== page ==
Tuesday, January 10, 2012

Snow drought forces Colorado to Face Frightening New Climate-Change Reality by David O. Williams

                                                  The massive Hayman Fire near Denver in 2002 (Forest Service).

“We have had some very unusual weather so far this season,” Vail Resorts CEO Rob Katz said Friday. “For the first time in 30 years, a lack of snow has not allowed us to open the back bowls in Vail as of January 6, 2012, and, for the first time since the late 1800s, it did not snow at all in Tahoe in December.”

Vail saw eight inches of new snow on Saturday, but it still wasn’t enough to open the vast majority of the mountain. Ski industry woes aside, state water watchers and firefighters are nervously eyeing the miniscule mountain snowpack, which supplies so much of the water used by Front Range cities. As of Dec. 30, snowpack in the Colorado River basin was 44 percent of last year’s record level and just 63 percent of the annual average.

“[The drought] will make the beetle epidemic even more severe,” said state Sen. Gail Schwartz, a Snowmass Democrat who’s introducing a bill in the legislative session starting Wednesday that’s aimed at reducing the fire danger from a mountain pine bark beetle epidemic that has killed millions of acres of Colorado lodgepole pines. “What doesn’t burn down will blow down.”

But just as it lacked scientific validity to point to Vail’s record 525 inches of snowfall last season as proof that climate change is a hoax (which many conservatives gleefully did), ski industry experts say it’s wrong to totally blame the current drought (just 88 inches so far at Vail) on human-caused heating of the planet.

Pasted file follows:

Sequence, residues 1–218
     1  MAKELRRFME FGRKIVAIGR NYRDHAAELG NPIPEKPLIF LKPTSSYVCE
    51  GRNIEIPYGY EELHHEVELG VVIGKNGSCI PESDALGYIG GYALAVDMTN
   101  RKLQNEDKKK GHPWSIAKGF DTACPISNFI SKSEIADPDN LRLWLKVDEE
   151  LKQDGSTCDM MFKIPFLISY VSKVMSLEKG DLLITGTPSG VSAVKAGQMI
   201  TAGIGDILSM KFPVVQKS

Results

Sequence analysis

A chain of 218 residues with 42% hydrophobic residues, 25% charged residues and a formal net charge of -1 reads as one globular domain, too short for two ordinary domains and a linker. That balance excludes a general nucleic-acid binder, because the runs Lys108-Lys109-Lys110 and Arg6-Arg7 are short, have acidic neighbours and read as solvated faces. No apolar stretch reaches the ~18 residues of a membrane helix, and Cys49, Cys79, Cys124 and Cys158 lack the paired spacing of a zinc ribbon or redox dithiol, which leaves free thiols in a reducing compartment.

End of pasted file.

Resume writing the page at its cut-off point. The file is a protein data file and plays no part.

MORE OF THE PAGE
“You can’t take weather, which is what we’re experiencing, and make deductions about climate, which is the long-term trend,” said Auden Schendler, vice president of sustainability at Aspen Skiing Company, which is suffering through an equally dry season. “But you don’t need to, really. All you need to do is look up the GISS (Goddard Institute for Space Studies) NASA global temperature anomaly maps of the world and look at December. It’s insane, and each decade gets hotter.”

Still, it’s turned into the kind of summer-like ski season in the Rocky Mountain West that the new Mitt Romney – the front-running GOP presidential nominee Romney – should love. Not the 2002 version who turned a profit with the Salt Lake City Winter Olympics and as recently as June said, “I think it’s important for us to reduce our emissions of pollutants and greenhouse gases that may well be significant contributors to the climate change and the global warming that you’re seeing.”

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